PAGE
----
Rumors persist that a new baseball television contract could be announced by the end of the week, as Fox affiliates appear to warm up to the concept of adding the World Series to their plate.
Long Island, N.Y.-based Newsday reported yesterday that a $1 billion, four-year deal between baseball and Fox and CBS could be announced in the next two days.
Steve Marks, Channel 45's general manager, said Fox had sent out a telegram to its affiliates when the first rumors circulated about a baseball deal.
"They're playing it pretty close to the vest," said Marks. "They're obviously working on something, but they told us, 'You'll be the first ones to know when something happens.' "
It would appear, though, that the Fox affiliates are embracing the possibility of baseball as a vehicle to boost their profiles. Most Fox stations, like Channel 45, are former UHF independents that carry a variety of syndicated fare on Saturday afternoons. -- when the network is reportedly wants to carry baseball.
Those stations likely would lose some regular-season revenue by taking on baseball. However, the chance to present postseason games and the World Series, as well as reaping the benefit from ratings that would surpass usual Fox prime-time numbers, would make baseball palatable.
One thing to remember, though: Once upon a time, CBS had the "Dream Season" of sports properties, which included the World Series, NBA playoffs, Super Bowl and NCAA basketball tournament, and look what happened to that network.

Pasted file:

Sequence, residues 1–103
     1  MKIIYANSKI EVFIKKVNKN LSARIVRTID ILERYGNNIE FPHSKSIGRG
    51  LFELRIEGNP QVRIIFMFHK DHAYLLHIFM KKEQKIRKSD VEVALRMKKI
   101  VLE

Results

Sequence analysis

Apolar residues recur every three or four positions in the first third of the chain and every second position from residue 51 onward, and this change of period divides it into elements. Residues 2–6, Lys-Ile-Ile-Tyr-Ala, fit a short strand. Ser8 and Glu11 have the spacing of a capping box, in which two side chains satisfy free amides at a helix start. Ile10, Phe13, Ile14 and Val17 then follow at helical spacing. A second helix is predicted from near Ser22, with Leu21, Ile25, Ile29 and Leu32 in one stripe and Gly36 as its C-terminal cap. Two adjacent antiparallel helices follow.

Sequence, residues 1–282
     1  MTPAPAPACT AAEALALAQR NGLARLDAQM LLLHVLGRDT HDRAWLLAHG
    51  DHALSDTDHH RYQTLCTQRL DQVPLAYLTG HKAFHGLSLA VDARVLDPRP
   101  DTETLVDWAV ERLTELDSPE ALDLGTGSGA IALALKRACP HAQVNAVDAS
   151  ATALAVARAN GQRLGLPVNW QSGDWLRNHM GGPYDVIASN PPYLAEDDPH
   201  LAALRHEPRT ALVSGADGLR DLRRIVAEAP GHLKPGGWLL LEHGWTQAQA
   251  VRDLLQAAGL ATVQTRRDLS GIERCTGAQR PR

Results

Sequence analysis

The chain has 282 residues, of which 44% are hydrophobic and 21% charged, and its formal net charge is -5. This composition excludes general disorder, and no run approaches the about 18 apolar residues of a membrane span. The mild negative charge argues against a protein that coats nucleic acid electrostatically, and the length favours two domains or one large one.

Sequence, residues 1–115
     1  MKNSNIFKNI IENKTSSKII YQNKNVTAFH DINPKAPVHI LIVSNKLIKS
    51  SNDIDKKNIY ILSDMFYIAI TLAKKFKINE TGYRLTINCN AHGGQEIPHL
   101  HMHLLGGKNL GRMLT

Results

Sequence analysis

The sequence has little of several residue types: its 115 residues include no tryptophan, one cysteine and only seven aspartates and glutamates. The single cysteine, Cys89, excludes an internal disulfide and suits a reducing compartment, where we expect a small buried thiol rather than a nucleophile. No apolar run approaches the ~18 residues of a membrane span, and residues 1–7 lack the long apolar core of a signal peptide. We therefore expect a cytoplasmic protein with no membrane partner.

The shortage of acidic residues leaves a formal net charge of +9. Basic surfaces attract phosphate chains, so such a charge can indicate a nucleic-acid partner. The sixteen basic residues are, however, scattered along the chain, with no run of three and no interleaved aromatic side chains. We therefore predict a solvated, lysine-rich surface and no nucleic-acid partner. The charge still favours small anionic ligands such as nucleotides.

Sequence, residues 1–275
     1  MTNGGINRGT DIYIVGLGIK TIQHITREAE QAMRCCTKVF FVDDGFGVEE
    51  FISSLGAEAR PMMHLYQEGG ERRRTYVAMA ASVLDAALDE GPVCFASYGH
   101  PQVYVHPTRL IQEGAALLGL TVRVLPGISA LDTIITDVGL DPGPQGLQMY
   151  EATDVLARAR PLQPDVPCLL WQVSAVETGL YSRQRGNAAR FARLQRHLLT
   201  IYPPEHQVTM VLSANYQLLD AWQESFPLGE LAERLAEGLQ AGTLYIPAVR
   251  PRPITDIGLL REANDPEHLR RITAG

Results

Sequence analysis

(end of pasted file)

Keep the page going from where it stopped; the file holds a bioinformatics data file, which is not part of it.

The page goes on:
If you have seen the first two of those funny "This is SportsCenter" spots, you should know that the best is yet to come.
ESPN's ad agency, Portland-based Wieden & Kennedy, has produced a series of at least 25 promos featuring "SportsCenter" anchors and some heavyweight athletic talent, including Juwan Howard, Roger Clemens, Mary Lou Retton, Grant Hill, Roy Jones Jr., Mike Richter and Jason Kidd.
The vignettes were all shot at ESPN headquarters in Bristol, Conn., and highlight the network's on-air and behind-the-scenes talent interacting with the athletes in humorous situations.
In one spot, Richter and Jones attempt to cozy up to "SportsCenter" personnel. In another, Kidd personally delivers highlights from his game.
Retton gives posture tips in a third piece, and Hill plays the piano in the ESPN lobby in another.
A star is born
Even before the World Series champion is decided, this year's Fall Classic already may have a Most Valuable Reporter.
He is Sparky Mortimer, a 9-year-old from Utah, who, armed with a press credential, a clubhouse badge and a camera crew, already has left his mark as he covers the Series for CBS' "Late Show with David Letterman."
For instance, in Monday's piece, Sparky ended one group interview session with Atlanta's Fred McGriff, as he pushed his way through a crowd of reporters to ask the first baseman about his Game 1 home run. McGriff took one look at the diminutive questioner and broke up laughing.
Earlier, Sparky cornered Darius Rucker, lead singer of Hootie and the Blowfish, who performed the national anthem before Game 1.
The intrepid kid -- who was discovered by the Salt Lake City CBS affiliate doing play-by-play of BYU football games on the sidelines -- wanted to know of Rucker, "What kind of a name is Hootie?"
The singer shot back, "What kind of name is Sparky?"
Things weren't totally rosy for young Sparky. He attempted to line up an interview with Cleveland's designated hitter/first baseman, and was politely but firmly denied the chance. Of course, Baltimoreans won't be surprised that the name of the player in question is Eddie Murray.